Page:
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Show me a penny. Whose image and superscription hath it? They answered and said, Caesar’s. And he said unto them, Render therefore unto Caesar the things which be Caesar’s, and unto God the things which be God’s.
The differences between the secular world and the Christian world are often difficult to keep before us. For example, on the first of January we celebrated the beginning of a New Year. But for Christians in the West, the New Year historically commenced with the first Sunday of Advent, while for the Orthodox, it started in September.
The secularization of our society has changed the way many Christians view Christian events. For example, the Christmas season did not historically begin on Halloween and end on December 25. Instead, it began on Christmas Day and ended on Epiphany, a time that is now referred to as the “After Christmas Sale Season.” Of course, Halloween has completely overshadowed All Saints’ Day (have you ever seen a “Happy All Saints’ Day!” card?). And that other day that makes confectioners’ pocketbooks bloat is what used to be called the celebration of the Resurrection. I am sure at that time of year more people think about marshmallow chicks and chocolate eggs than about the Body and Blood of our Lord.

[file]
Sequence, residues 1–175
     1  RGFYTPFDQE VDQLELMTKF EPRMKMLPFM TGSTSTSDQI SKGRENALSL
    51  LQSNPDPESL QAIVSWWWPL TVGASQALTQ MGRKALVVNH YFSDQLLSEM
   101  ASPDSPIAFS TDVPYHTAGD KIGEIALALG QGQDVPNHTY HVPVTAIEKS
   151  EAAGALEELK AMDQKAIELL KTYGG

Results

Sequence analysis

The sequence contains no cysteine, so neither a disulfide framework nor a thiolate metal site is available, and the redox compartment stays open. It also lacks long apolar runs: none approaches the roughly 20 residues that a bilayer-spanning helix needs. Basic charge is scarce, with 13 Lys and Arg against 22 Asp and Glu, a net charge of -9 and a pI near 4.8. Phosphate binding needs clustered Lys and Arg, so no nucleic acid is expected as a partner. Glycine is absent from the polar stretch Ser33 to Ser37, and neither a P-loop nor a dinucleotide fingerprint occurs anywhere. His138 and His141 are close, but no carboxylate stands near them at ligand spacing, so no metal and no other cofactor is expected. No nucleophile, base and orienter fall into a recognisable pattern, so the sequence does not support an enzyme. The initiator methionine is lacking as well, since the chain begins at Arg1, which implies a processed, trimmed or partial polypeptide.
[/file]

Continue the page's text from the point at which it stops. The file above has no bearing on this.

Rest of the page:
But events on the calendar aren’t the only things that we Christians need to see differently. As recorded in the synoptic Gospels, Jesus differentiated between the things of Caesar and the things of God. He did this by looking at a coin. “Whose icon is on this coin?” he asked. Icon, of course, is the Greek word for image. “Render unto Caesar that which is Caesar’s and unto God that which is God’s.” Jesus drew clear distinctions between the secular and the sacred.
But what are the things of God to which he was referring?
The fourth-century saint Hilary of Poitiers once pointed out that just as a coin is made by taking a piece of metal and stamping the icon of Caesar upon it, man is stamped with an icon of God. In some of us, this icon is blurry, like that of a coin whose image has been obscured through abrasive contact with other objects over the years. In others—the saints—the stamp of God is like the image on a freshly minted coin.
We are that which is God’s—marked with his stamp. What I am to render to God is myself—wholly, completely, unreservedly; for I am not my own. I am made in his image—his icon. When others see me, they should see a reflection of God.
Being an icon of God and not being an icon of Caesar is difficult, for it is far too easy to reflect the new and shiny values and markings of the world and far more difficult to reflect the ancient light of Christ. At times it seems that the reflection of the world is seen everywhere—it can seem difficult to escape. But when this happens, it is only because our eyes are closed spiritually. For God is everywhere and his radiance exceeds that of the world and can be readily seen if we stop, take a deep breath, and look again.
We who take the name of Christ should take care to keep his image, his icon, his stamp, upon us as though it were freshly minted. We need to be radiant icons of God and, as such, render ourselves to him.